Individual Savings Accounts (ISAs) aren’t just for grown-ups: kids can get in on the act too. Junior ISAs, or JISAs for short, are similar to normal ISAs, but you can save for longer.
A JISA is essentially a long-term, tax-efficient way to save for your children, so long as they live in the UK and are under 18. Only a parent or legal guardian can open and manage the account, but once it’s set up, anyone can pay into it.
Lock in the savings until they’re 18
The maximum you can put into a Junior ISA during the 2023/2024 tax year is £9,000. With the allure of tax-efficient growth, it’s a popular way to save. According to HM Revenue & Customs Footnote 1, around 940,000 Junior ISA accounts were subscribed to in 2020 to 2021, the ninth full financial year since the scheme was launched, down from 1 million in 2019 to 2020.
Importantly, with a JISA, the money belongs to the child and is “locked up” until they reach 18. At this point, it changes into an accessible adult ISA to spend as they please. They can manage their account at 16 if they want to but can’t touch the money before turning 18. Tax rules are subject to change and depend on individual circumstances.
Choose cash or stocks and shares or a mix of both
There are two types of Junior ISA – a cash JISA or a stocks and shares JISA with the option to mix and match. You can hold just one, or one of each type and split the Junior ISA allowance of £9,000, in any proportion, between the two. You can also transfer from one to the other and switch to a new provider should you want to.
Most banks and building societies offer cash JISAs, usually with a minimum deposit of £1. It’s best to shop around for a good deal, then monitor your JISA’s rate of interest. If it drops, be ready to switch, but check this option is available when you first apply and remember that over time inflation will reduce the spending power of your money.
With a stocks and shares or investment JISA, if you start saving when a child is born, or soon after, an 18-year investment potentially offers plenty of time to ride out the ups and downs of the stock market. But remember that the value of your investments can fall as well as rise and you could get back less than invested.
Sometimes providers have a minimum monthly amount you need to invest in a stocks and shares ISA, but you'll need to check with your provider to be sure.
Can your child have a Child Trust Fund instead?
Child Trust Funds (CTFs) were a Government scheme where you could save or invest tax-free for children born between 1 September 2002 and 2 January 2011. So you might still have one if your child was born then, but you couldn't open one now. They were replaced by Junior ISAs in 2011.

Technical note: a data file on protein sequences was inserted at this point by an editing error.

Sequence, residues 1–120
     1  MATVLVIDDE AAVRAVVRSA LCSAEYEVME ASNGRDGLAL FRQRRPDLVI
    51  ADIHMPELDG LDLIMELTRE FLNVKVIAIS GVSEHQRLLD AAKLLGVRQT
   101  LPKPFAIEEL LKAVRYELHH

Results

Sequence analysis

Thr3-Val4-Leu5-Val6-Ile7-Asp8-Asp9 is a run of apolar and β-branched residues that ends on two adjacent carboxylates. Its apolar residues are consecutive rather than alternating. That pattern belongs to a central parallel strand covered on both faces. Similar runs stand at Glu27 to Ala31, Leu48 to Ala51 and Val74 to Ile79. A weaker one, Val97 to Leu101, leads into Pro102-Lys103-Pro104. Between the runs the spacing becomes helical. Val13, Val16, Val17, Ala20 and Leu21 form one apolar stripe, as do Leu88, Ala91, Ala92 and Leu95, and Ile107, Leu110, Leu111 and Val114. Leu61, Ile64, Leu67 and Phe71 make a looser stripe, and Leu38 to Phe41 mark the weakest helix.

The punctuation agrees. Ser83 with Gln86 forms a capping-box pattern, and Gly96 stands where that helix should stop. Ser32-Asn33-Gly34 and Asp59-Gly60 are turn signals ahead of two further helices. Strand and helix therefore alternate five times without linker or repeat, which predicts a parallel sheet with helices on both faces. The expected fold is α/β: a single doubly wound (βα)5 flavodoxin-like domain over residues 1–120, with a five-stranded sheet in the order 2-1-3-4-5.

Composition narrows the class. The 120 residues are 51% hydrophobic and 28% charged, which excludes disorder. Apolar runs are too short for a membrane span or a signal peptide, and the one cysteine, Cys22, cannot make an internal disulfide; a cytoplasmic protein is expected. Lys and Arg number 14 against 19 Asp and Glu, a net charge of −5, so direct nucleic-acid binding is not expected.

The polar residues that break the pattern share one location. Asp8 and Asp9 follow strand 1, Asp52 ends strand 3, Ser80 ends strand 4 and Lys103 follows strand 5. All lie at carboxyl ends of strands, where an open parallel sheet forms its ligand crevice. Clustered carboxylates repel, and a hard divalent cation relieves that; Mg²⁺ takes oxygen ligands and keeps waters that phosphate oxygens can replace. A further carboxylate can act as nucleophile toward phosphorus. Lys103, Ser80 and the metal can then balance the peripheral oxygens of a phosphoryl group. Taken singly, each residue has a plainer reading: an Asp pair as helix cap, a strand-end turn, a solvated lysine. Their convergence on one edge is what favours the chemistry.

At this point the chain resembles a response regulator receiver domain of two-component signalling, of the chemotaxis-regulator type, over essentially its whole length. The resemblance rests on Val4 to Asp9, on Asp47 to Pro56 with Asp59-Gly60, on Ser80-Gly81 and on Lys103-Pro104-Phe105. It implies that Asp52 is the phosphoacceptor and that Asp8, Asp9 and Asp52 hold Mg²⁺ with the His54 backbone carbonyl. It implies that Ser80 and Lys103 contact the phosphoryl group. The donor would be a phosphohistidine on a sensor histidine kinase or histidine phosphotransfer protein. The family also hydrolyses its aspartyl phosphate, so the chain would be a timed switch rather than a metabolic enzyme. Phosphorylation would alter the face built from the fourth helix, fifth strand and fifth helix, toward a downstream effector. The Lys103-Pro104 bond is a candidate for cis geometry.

The scheme gave parents free cash vouchers to encourage them to open a CTF and start putting money aside for their children's futures. But there were three different types of CTF – cash, shares, and stakeholder – each with different rules and charges, and very little investment choice, if any at all. JISAs are more flexible and straightforward. There's a Junior Cash ISA and a Junior ISA with a wide range of investments. Simple.
But, in the same way as a Junior ISA, you can pay up to £9,000 per tax year into a CTF. And anyone can pay into it, not just parents. The money belongs to the child and they can withdraw it at 18 and take over the account at 16.
Nowadays, many providers give you the option to transfer a CTF into a JISA.
Consider a different child savings account
As money can’t be withdrawn from a JISA or CTF until your child is 18, you may want to explore other young savers accounts.
Before you do, MoneyHelper offers some words of caution. If you’ve given your child money that earns over £100 a year in interest, dividends, rent or any other investment income, the interest will be taxed as if it were yours.
This could push you over your personal savings allowance. On the upside, the £100 limit does not apply to money given by grandparents, relatives or friends.
Children's savings accounts come with requirements, so make sure the account suits you and and your child's circumstances.
Choosing the best savings account for your kids
Regular children’s savings accounts let you put away a fixed amount with a minimum deposit, each month, usually for a set term of a year. These are great for smaller amounts, offer attractive interest rates but have withdrawal restrictions.
For larger amounts, easy-access children’s savings accounts let you and your child add or withdraw cash at any time. But what you gain in flexibility you lose in interest as rates are lower than regular savings or fixed-rate accounts.
If you don’t mind committing your money from one to five years, children’s fixed-rate savings accounts, or bonds, offer a better-guaranteed rate in return. But note that you can’t withdraw money during this time, so can’t switch should the interest rates rise.
A junior savings account can offer some valuable early lessons in money management. And if your child is intent on spending their JISA money wisely at 18, there’s even more good news. With a new generation of products designed for millennials, such as the Lifetime ISA, there’s every hope they will carry on stashing the cash, tax-efficient, for years to come.